## Introduction

Phase defects in quantum states play a significant role both in the state properties and in the transition between the states. For instance, a transition to 2D superfluid state is governed by pairing of vortices and, in turn, unpaired vortices can cause dissipations for particle fluxes. Phase defects are studied in quantum states of matter ranging from superconductors and superfluid Helium1 to condensates of atoms2,3,4,5,6,7,8,9, magnons10, polaritons11,12,13,14,15,16,17,18,19,20, and excitons7,8,20,21,22,23,24,25,26,27,28,29. A variety of phase defects is considered, including vortices2,3,4,10,12,14, polarization vortices21,24,25, half-vortices1,7,8,11,13,27, skyrmions5,7,8,19,26,28, solitons6,15,16,17,18,19, striped phases9,22,23,25,26,27, and phase domains29. Vortices and other phase defects can be revealed by characteristic features in interference patterns produced by the quantum system.

Quantum states of excitons can be created in a system of indirect excitons (IXs), aka interlayer excitons30. IXs are formed by electrons and holes in spatially separated layers in coupled quantum well (CQW) heterostructures (Fig. 1a). Due to the electron–hole separation, IXs have long lifetimes within which they can cool below the temperature of quantum degeneracy and form a condensate in momentum space30. The IX condensation is detected by the measurement of IX spontaneous coherence with a coherence length much larger than in a classical gas21.

Excitons can transform to photons that gives an opportunity to probe exciton matter waves by measuring optical interference patterns. Superfluidity in Bose–Einstein condensates of excitons can enable long-range ballistic exciton propagation and can lead to emerging nontrivial long-scale interference patterns. However, the pioneering theoretical works on exciton superfluidity indicated its suppression by interband transitions, that is by electron–hole recombination for semiconductor systems and tunneling for semimetal systems31,32. The theory predicts that the separation between the electron and hole in IX reduces the recombination rate by orders of magnitude thus enabling IX superfluid propagation over macroscopic distances30.

In this work, we present dislocation-like singularities in interference patterns in the condensate of IXs. We analyze how exciton vortices, polarization vortices, half-vortices, skyrmions, and half-skyrmions should appear in the interference experiments, and show that the observed dislocations in interference patterns are not associated with any of these known phase defects. We present the origin of these singularities in condensate interference patterns: The observed interference dislocations originate from the moiré effect in the combined interference patterns of ballistically propagating condensate matter waves. The ballistic IX propagation over macroscopic distances is the evidence for IX condensate superfluidity.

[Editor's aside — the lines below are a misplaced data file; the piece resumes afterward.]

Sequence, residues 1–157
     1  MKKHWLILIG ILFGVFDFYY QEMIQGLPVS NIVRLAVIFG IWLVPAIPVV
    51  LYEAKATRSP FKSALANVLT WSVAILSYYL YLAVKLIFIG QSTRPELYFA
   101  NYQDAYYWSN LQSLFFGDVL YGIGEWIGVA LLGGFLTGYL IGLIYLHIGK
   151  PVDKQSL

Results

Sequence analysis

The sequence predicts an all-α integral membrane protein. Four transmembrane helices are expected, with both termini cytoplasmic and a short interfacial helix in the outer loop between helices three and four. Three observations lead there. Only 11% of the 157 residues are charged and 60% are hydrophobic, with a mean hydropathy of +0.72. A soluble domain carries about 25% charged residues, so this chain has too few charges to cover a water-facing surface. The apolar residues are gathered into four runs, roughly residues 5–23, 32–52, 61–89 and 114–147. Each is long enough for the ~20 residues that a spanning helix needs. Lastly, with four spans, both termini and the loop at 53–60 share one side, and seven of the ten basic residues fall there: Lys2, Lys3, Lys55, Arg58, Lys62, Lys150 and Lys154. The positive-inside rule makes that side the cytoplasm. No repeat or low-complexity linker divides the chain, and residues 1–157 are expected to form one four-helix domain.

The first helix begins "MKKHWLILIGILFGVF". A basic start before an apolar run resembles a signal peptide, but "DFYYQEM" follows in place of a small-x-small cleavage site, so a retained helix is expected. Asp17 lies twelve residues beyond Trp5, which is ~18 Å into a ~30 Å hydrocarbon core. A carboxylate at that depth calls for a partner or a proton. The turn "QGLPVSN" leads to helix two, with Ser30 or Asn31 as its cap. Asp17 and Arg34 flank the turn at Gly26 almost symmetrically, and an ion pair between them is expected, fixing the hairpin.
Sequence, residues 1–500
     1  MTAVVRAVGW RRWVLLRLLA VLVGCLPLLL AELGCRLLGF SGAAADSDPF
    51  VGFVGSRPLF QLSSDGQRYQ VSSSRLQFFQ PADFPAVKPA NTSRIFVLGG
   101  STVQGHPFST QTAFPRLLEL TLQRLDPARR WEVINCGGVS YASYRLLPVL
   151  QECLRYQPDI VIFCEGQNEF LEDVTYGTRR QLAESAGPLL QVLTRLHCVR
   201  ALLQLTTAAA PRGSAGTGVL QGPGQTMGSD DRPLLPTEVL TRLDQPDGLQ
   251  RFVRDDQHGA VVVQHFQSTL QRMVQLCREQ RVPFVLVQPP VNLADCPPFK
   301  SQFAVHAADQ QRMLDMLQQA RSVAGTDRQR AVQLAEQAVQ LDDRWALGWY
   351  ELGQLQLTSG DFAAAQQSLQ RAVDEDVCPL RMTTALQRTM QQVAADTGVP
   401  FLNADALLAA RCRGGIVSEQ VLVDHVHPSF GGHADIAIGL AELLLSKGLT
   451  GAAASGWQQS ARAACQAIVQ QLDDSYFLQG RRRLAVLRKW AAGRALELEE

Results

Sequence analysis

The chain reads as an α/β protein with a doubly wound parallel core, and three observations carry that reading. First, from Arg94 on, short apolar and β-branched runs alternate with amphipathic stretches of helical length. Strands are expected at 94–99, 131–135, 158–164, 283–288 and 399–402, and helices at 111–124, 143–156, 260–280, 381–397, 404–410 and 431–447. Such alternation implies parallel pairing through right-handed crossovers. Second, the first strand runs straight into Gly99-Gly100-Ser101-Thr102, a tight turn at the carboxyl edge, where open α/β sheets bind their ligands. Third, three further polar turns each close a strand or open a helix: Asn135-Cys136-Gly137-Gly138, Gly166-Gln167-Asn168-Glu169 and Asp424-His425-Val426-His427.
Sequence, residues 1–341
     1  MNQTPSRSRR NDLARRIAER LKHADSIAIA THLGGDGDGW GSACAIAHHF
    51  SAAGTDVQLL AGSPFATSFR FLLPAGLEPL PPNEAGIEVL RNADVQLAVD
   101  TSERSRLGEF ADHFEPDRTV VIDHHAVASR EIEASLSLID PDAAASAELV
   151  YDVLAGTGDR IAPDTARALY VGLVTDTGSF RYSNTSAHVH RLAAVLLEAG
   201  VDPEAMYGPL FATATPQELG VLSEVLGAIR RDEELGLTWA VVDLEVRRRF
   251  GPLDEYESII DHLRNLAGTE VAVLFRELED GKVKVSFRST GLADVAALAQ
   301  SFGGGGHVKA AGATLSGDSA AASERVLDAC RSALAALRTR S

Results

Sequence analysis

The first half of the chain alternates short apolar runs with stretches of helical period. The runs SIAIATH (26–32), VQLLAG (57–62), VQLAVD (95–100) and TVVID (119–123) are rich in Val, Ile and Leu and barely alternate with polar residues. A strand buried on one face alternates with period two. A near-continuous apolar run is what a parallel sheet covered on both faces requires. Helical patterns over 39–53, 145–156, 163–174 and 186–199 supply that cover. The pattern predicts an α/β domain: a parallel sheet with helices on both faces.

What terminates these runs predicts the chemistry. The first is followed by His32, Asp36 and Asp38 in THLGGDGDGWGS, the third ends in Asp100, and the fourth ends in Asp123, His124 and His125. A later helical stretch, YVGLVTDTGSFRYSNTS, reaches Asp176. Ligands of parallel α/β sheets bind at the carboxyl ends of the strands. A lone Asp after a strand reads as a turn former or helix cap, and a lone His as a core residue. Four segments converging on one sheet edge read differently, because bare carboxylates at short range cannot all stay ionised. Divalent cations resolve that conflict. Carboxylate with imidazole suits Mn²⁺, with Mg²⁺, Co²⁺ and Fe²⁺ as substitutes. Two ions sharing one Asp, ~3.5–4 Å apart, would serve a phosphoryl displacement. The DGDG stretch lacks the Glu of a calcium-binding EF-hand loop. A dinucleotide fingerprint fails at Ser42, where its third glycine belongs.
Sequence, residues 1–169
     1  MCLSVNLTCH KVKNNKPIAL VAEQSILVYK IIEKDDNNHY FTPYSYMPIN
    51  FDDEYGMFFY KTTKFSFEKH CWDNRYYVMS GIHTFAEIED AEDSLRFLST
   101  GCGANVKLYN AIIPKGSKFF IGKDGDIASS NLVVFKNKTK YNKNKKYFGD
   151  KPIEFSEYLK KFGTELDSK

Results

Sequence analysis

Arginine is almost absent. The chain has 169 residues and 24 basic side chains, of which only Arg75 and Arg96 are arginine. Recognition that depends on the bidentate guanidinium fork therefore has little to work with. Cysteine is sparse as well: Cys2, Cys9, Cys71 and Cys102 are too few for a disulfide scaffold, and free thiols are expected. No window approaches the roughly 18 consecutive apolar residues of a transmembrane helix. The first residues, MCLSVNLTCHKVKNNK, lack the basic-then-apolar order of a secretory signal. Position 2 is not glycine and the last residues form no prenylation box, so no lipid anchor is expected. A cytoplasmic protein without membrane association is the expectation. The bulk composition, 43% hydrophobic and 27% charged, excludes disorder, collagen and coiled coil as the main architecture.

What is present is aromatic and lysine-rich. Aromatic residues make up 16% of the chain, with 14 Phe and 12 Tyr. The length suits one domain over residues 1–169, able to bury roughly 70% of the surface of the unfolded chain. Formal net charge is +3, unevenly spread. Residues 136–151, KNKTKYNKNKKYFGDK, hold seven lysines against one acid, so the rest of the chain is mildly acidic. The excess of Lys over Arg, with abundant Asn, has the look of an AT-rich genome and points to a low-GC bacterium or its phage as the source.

## Results

A cold gas of IXs is realized in regions of external ring and localized bright spot (LBS) rings in IX emission. These rings form on the boundaries of electron-rich and hole-rich regions created by current through the structure and optical excitation, respectively (ref. 33 and references therein). LBS sources are stable and well-defined sources of cold IXs33, we use them here for exploring phenomena in propagating condensate matter waves.

Figure 1b shows the interference pattern of IX emission measured by shift-interferometry. This method is outlined below. As a result of IX recombination, IXs transform to photons. These photons go through the Mach–Zehnder interferometer (Fig. 1a). Each of the two interferometer arms forms an image of the IX emission on CCD detector. These two images are shifted relative to each other in x-direction so that the measured interference pattern is produced by the interference between the emission of IXs separated by the shift δx in CQW plane. The measurements were performed at temperatures T ≥ 100 mK in an optical dilution refrigerator. Details are described in the “Methods” section.

Figure 1b shows a dislocation-like phase singularity in the interference pattern. The origin of the interference dislocations is uncovered below.

We start from considering exciton vortices and skyrmions. Dislocations (forks) in interference patterns can be associated with vortices in quantum systems. In a singly quantized vortex, the phase of the condensate winds by 2π around the singularity point that can be revealed as a fork-like defect in an interference pattern. Forks in interference patterns were reported for vortices in atom condensates3, polariton vortices12,13,14, magnon vortices10, and optical vortices34.

However, a vortex can lead to the appearance of dislocation in an interference pattern only for certain interferometric experiments, in particular for the interference of a vortex field with a plane wave. For the shift-interferometry experiments, simulations show that a vortex should lead to the appearance of a pair of left- and right-oriented dislocations of interference fringes separated by a distance equal to the shift δx (Fig. 2a). The interference pattern for a vortex (Fig. 2a) is drastically different from the isolated interference dislocation, which is separated from other dislocations by distances much larger than the shift δx, in the experiment (Fig. 1b). This indicates that the observed interference dislocation is not associated with a vortex.

We also simulated the interference patterns for exciton polarization vortices, half-vortices, skyrmions, and half-skyrmions (Fig. 2b–e). In contrast to vortices (Fig. 2a–c), no pair of left- and right-oriented interference dislocations separated by the shift δx is observed for skyrmions (Fig. 2d, e) that reflects the lack of singular phase winding for the latter. These interference patterns are also drastically different from the isolated interference dislocation in the experiment (Fig. 1b). This indicates that the observed interference dislocation is not associated with a polarization vortex, or half-vortex, or skyrmion, or half-skyrmion.